Archive for October, 2011

I am small and weak

October 4, 2011 1 comment

Yesterday, I actually went to failure on both the back squat (at 100#) and the bench press (at 70#). By this I mean I actually collapsed under the bar during the last round of squats. (Hooray for those safety bar thingamajigs!)

  • The curious thing about the experience is that I wasn’t at all in pain and was taken entirely by surprise. I did rep #4 without incident, and then rep #5 completely took me down. I was just on the floor with no forewarning whatsoever. This happened to me once before when I was trying out Crossfit. There’s a threshold where adding just 5 more pounds to the squat load painlessly but inexorably forces me to the ground. I’m thinking it’s not muscle failure (there’s no real discomfort), but a function of neurological adaptation (or lack thereof).

  • Also, I somehow managed to accomplish all this collapsing so quietly that NOBODY noticed, not even the guy in front of the mirror FIVE FEET AWAY. Come on, guys. Throw me a bone here.

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    October 4, 2011 2 comments


  • I’m solving that old equation: Exactly
    How to undo
    The geometry that holds us

  • The diagram takes
    A cunning shape
    Sharp to the touch,
    and precarious:
    A cat’s cradle tangled
    A jangling mobile hanged
    On a steel wire net

  • It’s an acrobatic trick,
    Disarming this love
    Trip one wire, and the shock
    Will set the rest to humming
    Vibrating our small constellation till it shatters

  • Holding my breath
    I clip at your heartstrings
    Hoping this whole thing doesn’t shake apart
    If I’m subtle enough
    To slip the knots
    You may never notice me let go

  • Even now I can feel us
    Casting off the vestigial
    and essential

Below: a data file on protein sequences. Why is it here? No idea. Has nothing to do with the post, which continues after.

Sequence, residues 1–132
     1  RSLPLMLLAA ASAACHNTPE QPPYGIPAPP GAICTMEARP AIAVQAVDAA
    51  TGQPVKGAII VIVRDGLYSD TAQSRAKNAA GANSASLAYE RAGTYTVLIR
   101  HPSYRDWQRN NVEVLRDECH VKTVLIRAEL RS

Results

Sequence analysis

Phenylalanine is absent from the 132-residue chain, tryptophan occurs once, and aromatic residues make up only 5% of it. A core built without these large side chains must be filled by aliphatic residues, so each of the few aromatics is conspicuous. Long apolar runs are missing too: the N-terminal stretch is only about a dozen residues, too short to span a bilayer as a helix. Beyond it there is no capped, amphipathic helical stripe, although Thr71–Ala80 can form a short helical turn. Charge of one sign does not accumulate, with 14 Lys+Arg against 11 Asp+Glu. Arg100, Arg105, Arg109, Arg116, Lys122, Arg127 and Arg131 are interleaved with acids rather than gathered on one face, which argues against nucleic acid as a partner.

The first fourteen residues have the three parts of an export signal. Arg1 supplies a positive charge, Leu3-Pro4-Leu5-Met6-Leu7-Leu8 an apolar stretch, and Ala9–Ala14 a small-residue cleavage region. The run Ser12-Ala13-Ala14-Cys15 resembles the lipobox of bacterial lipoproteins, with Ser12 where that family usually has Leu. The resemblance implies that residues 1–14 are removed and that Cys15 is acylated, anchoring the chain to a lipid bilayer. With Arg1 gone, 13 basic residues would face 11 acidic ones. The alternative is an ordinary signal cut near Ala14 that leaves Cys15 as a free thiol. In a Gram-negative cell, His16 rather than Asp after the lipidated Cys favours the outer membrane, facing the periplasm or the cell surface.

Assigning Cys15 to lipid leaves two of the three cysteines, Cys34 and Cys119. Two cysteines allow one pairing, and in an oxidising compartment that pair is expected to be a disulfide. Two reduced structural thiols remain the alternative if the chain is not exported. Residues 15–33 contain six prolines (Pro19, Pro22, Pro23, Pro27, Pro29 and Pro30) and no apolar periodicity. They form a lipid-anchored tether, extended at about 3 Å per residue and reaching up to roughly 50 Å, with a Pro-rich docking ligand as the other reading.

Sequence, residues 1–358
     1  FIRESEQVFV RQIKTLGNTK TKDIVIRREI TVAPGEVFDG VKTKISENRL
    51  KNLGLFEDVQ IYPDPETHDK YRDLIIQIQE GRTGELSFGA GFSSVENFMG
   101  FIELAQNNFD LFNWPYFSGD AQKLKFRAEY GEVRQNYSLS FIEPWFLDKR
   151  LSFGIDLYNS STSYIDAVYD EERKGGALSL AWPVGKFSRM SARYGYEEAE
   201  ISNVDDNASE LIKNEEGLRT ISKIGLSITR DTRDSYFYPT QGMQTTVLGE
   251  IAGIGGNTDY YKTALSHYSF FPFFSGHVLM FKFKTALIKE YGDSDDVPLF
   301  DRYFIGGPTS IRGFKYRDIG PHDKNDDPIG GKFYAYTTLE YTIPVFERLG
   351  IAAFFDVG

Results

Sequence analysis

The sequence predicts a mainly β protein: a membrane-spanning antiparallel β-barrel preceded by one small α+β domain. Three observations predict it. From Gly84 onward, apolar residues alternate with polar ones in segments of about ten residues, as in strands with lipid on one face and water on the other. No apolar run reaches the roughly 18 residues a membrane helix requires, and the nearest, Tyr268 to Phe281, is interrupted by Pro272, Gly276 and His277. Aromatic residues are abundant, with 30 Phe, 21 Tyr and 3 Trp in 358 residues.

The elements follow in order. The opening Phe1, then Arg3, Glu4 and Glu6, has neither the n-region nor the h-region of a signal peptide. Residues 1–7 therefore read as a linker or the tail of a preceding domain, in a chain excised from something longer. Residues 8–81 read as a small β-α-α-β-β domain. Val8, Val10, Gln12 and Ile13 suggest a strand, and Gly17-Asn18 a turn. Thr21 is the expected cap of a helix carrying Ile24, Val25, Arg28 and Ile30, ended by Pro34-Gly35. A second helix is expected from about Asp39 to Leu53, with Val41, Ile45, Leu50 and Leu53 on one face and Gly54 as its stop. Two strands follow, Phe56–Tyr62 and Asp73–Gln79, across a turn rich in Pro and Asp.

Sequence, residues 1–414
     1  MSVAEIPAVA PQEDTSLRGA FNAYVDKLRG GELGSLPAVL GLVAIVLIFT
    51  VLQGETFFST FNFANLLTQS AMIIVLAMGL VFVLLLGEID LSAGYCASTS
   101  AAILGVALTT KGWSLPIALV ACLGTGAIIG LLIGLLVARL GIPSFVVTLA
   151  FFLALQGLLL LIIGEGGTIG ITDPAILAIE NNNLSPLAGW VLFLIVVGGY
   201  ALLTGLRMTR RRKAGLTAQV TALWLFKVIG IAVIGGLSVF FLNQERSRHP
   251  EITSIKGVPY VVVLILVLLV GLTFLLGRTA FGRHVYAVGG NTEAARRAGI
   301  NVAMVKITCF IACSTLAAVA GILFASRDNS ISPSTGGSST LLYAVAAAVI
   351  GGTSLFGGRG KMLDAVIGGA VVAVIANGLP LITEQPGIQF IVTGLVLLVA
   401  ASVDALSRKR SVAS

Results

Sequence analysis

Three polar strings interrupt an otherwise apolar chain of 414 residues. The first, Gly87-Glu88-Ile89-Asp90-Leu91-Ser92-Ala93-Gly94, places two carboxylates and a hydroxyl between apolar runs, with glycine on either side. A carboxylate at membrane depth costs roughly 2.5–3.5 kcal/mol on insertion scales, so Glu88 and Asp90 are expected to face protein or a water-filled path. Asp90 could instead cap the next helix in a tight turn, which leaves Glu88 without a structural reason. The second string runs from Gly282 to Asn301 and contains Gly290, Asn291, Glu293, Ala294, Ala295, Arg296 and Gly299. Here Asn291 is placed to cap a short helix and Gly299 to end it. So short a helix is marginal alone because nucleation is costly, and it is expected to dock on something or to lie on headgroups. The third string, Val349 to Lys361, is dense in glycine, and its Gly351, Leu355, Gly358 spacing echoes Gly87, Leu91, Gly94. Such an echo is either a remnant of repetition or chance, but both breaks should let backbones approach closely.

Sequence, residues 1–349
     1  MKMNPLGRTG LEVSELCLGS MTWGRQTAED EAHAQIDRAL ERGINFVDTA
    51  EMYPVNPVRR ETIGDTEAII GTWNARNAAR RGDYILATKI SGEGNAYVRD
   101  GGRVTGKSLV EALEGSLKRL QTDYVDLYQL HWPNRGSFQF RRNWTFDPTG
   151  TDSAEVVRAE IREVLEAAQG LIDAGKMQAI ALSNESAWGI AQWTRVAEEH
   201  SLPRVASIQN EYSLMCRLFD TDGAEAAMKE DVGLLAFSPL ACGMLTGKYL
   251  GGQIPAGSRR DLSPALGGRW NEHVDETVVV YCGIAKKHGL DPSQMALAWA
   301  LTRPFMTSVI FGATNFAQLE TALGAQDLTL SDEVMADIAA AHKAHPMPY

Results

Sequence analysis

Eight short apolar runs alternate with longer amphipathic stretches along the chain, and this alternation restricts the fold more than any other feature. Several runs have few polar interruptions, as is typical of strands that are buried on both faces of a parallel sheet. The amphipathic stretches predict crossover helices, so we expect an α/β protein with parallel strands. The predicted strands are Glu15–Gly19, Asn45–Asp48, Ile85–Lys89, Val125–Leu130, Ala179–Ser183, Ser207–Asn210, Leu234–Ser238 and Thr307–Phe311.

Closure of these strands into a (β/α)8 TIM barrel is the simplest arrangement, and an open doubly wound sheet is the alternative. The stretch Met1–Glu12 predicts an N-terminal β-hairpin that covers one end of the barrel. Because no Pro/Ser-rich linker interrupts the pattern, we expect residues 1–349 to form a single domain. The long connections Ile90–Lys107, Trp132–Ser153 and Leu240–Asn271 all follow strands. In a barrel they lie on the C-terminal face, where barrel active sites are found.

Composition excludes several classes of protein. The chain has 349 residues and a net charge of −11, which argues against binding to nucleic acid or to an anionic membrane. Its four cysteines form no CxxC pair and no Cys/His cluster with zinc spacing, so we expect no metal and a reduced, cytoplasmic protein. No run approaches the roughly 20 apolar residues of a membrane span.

And without forethought
    All the while attempting
    A casual disregard
    for regret

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    October 3, 2011 Leave a comment

    Life used to be a death sentence. Just ask any fifteen-year-old. They can’t imagine being thirty – they just don’t have the life experience. But now that I’m thirty-four-point-seven-five, I find I can’t really remember what it’s like to be fifteen. I’ve got notebooks, old diaries in which I sporadically penned (penned! with a ballpoint!) entries about the usual politics of adolescence, AP exams, glee club practice, dieting, awful sitcoms – those were the days of my life.

  • Take a giant step back, and it’s pretty much the same these days. Do the politics of humanity ever really change? I remember reading Douglas Coupland’s “Life After God,” in which the characters were all preoccupied with the bomb; that was how the end was going to come for them. My generation doesn’t concern itself with nukes (although they’re still very much out there), but with plagues and zombies. The images in Alan Weisman’s “The World without Us” are alternately heartbreaking and comforting. They always feel compelling and somehow right. It’s probably human nature to feel like we’re on the cusp of the end times. (Also, maybe I should stop reading books about plagues and zombies.) Like a fifteen-year-old, I have trouble imagining the future 10 or 20 years down the line. The center will not hold, or it will not hold steady. Empires do fall, yes, and history repeats itself. But how quickly? Would I have time to build a family, grow old, have grandchildren? The economic climate makes it increasingly unlikely that I could ever provide even the basic needs of food and shelter to anyone.

  • But, still. Whether the world ends with a bang or a whimper, tomorrow will be another day. So maybe I should get on with my life.

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